The physical force objection to women’s suffrage
in ‘The truest form of patriotism’

The suffrage movement was a central strand in Victorian feminism, and one of its primary aims was confronting anti-suffragists' opposition to the enfranchisement of women. A principal argument for opponents of women's suffrage was the physical-force objection: the principle that women were unable to take up arms to defend their country, and therefore could not qualify for the franchise. In engaging with this question, many feminists began to approach the question of why and under what circumstances they might sanction the use of physical force. This led many to develop pacifist, anti-imperialist or internationalist agendas, which in turn enabled a minority to redefine discourses of patriotism. In this chapter, the feminist response includes the reassertion of arguments of sexual difference and an emphasis upon the legal anomalies that derogated women by viewing their physical abilities in terms of the prevailing domestic ideology.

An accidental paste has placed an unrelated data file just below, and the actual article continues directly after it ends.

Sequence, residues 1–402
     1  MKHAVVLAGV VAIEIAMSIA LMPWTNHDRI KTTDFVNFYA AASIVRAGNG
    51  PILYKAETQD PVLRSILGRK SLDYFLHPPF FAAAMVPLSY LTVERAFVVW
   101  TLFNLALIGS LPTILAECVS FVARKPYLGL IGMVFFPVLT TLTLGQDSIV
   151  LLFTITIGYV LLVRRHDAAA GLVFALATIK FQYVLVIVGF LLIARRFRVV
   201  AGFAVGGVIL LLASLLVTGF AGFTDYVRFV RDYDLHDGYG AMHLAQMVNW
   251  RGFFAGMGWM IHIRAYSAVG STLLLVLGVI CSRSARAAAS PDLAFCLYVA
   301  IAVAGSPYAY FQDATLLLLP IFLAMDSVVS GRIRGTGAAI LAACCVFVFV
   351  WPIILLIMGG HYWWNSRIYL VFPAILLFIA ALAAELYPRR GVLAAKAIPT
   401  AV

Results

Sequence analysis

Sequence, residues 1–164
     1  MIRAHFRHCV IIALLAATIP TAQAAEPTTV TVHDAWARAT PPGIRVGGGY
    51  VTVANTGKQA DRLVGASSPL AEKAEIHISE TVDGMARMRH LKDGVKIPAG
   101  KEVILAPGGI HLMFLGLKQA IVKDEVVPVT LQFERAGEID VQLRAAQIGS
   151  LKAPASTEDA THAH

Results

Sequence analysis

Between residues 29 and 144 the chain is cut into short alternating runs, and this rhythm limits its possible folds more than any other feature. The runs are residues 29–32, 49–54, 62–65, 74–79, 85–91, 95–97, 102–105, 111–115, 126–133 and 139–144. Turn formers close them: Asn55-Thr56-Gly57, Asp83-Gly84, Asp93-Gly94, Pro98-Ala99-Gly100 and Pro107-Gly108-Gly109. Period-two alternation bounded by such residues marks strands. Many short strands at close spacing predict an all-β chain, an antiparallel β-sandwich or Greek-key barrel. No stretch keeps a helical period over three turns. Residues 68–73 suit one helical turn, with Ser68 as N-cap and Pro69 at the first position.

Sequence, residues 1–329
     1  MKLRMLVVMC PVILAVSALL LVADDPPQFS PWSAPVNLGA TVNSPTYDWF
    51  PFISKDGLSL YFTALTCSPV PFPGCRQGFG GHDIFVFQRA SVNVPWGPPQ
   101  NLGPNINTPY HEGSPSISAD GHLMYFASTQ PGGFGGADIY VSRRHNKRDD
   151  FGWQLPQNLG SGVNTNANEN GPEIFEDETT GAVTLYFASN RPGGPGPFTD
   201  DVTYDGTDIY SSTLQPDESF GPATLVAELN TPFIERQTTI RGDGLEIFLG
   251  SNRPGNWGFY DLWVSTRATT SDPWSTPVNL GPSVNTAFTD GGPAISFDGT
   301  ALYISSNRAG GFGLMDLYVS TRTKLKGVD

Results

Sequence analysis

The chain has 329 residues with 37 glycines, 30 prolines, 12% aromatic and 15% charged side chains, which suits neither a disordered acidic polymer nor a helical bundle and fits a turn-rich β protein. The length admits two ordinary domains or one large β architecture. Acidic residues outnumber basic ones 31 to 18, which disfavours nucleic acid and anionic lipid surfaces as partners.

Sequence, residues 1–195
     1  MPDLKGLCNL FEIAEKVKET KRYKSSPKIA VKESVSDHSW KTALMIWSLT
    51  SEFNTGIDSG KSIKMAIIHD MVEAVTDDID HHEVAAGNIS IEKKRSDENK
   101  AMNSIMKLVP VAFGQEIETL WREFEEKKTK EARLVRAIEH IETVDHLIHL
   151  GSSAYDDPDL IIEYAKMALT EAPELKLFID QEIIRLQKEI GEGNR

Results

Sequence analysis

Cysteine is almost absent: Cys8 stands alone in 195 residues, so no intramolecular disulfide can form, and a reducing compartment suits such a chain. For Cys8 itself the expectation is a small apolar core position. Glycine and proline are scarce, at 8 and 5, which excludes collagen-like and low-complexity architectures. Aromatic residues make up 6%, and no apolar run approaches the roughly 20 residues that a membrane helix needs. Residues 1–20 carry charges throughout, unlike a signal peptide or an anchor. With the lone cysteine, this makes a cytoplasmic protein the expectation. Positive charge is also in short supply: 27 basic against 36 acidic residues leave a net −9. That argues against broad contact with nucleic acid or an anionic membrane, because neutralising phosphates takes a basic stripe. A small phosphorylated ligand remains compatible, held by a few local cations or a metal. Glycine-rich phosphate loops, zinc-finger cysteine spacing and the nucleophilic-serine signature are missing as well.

‘The truest form of patriotism’

Pacifist feminism in Britain, 1870–1902


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